Persistence of arterial functional abnormalities after successful coronary revascularization

Cristina Giannattasio, Anna Cm Capra, Ivan Calchera, Virgilio Colombo, Francesca Cesana, Stefano Nava, Alessandro Maloberti, Marta Alloni, Rita Facchetti, Giuseppe Trocino, Guido Grassi, Giovanni Paolini, Giuseppe Mancia

Research output: Contribution to journalArticlepeer-review


Background: In patients with myocardial ischemia and coronary atherosclerosis, arterial stiffness and endothelial function are impaired. Whether these alterations can be favorably affected by successful coronary revascularization is debated. Methods: We studied 39 hospitalized patients 59.3 ± 3.2 years old (mean ± SEM). In 21 patients with angiographic evidence of significant coronary artery stenosis, revascularization procedures were performed (stenting n = 11 and bypass surgery n = 10). The remaining patients had no significant stenosis and thus served as controls. Prerevascularization measurements included carotido-femoral pulse wave velocity (PWV), radial artery flow-mediated vasodilatation and a complete echocardiographic examination. The same measurements were performed 6 months later. Pharmacological treatment consisted of different cardiovascular drugs and remained substantially unchanged over the 6-month follow-up period. Results: With the exception of an increased left ventricular mass index (LVMI; 130 ± 5.3 versus 105.8 ± 7.2 g/m, P <0.05) and a lower Em/Am (0.6 ± 0.01 and 0.8 ± 0.01 respectively, P <0.05) observed in patients with coronary stenosis, all other hemodynamic, cardiac and vascular variables were similar in the two groups. Following the 6-month follow-up period, all variables remained substantially unchanged, with the exception, in revascularized patients, of a significant reduction in LVMI (-12%, P <0.05) and an improvement in Tissue Doppler Imaging-measured diastolic function (Em/Am + 30%, P <0.05). This was not associated, however, with any significant change in PWV and in flow-mediated vasodilatation. Conclusion: Cardiac revascularization has no effect on arterial function, assessed either as arterial stiffness or as flow-mediated vasodilatation. On the contrary, the improvement in coronary blood flow triggers local cardiac changes, namely, a reduction in LVMI and an improvement in diastolic function.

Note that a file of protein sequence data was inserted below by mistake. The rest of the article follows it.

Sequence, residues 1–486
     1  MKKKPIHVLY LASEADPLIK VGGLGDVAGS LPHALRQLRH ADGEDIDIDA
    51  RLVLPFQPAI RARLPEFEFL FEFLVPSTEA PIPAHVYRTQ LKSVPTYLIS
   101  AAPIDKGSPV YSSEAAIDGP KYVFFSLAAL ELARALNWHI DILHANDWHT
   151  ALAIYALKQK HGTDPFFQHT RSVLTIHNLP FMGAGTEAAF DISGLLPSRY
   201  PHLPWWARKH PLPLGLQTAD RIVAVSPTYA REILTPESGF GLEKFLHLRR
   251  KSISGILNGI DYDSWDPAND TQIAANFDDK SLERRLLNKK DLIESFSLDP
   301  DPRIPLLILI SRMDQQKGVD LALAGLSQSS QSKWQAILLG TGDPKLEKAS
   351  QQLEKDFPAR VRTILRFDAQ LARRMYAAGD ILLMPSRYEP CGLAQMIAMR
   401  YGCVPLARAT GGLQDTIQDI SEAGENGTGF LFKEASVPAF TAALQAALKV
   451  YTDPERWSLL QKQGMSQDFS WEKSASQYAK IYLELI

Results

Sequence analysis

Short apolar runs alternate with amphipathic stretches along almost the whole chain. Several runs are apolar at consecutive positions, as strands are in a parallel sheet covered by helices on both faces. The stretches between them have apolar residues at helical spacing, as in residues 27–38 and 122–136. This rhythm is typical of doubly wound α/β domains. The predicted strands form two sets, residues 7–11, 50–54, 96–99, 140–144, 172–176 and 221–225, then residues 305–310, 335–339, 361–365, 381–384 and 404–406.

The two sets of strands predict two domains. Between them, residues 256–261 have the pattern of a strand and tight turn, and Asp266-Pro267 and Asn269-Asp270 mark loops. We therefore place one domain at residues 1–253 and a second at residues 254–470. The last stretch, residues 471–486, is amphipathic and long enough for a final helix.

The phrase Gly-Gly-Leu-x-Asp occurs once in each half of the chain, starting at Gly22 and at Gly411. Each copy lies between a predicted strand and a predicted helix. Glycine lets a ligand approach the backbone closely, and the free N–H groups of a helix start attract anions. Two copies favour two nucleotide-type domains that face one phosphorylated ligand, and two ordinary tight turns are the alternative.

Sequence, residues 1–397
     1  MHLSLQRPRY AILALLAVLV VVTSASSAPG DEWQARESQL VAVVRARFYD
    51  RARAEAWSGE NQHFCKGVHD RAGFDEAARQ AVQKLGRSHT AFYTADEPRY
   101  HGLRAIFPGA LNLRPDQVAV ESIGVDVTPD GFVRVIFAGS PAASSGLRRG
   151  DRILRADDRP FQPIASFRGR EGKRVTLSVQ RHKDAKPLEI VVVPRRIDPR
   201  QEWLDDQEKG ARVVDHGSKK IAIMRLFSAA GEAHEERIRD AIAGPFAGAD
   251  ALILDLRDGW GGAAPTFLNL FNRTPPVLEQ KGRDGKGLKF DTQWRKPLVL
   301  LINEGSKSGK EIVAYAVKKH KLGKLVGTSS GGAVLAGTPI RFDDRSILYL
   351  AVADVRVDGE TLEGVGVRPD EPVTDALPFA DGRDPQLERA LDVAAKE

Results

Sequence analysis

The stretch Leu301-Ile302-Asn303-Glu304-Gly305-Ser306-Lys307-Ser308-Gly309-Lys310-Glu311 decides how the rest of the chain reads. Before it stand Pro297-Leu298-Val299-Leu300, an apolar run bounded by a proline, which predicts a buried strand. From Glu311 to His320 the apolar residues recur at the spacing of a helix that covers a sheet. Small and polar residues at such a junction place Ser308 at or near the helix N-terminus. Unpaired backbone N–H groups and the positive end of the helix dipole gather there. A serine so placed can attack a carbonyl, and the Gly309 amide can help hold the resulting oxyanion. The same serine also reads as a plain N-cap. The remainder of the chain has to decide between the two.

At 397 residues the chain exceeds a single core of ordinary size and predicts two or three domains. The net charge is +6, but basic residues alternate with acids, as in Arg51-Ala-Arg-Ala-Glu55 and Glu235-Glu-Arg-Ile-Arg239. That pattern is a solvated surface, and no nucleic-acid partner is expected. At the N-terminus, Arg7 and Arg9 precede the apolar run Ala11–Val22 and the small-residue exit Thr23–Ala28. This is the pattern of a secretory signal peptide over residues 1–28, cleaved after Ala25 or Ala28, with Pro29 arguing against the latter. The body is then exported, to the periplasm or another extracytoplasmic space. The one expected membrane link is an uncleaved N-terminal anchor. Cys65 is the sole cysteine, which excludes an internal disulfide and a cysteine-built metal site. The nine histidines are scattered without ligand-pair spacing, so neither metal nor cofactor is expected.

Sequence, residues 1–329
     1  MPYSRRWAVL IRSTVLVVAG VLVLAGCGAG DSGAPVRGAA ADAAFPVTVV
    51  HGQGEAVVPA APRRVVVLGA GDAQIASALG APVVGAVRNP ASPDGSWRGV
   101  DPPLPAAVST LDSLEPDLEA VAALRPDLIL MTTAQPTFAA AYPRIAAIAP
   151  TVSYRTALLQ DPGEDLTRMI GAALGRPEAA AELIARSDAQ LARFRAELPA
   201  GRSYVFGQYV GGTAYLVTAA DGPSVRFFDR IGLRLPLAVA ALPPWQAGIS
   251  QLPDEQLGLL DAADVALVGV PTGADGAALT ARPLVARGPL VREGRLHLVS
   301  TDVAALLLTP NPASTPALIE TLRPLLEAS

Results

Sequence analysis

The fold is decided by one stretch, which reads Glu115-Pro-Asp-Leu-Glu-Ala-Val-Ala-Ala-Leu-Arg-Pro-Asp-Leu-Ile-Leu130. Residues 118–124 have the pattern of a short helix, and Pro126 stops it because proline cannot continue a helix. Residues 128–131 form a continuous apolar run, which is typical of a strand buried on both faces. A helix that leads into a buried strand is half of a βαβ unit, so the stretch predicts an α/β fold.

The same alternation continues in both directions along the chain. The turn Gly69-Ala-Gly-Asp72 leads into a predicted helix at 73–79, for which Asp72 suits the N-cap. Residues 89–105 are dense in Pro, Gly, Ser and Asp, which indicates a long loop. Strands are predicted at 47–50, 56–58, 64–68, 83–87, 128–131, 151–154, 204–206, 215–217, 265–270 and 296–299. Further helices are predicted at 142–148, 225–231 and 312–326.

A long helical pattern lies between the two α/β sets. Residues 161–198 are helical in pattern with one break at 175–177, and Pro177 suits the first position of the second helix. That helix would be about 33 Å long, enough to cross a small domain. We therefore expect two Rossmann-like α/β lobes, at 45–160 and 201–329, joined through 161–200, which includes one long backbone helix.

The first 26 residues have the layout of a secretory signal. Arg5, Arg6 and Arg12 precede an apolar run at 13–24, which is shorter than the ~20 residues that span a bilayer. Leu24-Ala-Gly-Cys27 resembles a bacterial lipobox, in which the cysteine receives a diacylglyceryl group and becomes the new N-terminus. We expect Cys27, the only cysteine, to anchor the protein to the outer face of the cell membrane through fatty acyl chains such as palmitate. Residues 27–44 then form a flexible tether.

Original languageEnglish
Pages (from-to)1374-1379
Number of pages6
JournalJournal of Hypertension
Issue number7
Publication statusPublished - Jul 2011


  • arterial stiffness
  • coronary atherosclerosis
  • coronary revascularization
  • diastolic dysfunction

ASJC Scopus subject areas

  • Internal Medicine
  • Physiology
  • Cardiology and Cardiovascular Medicine


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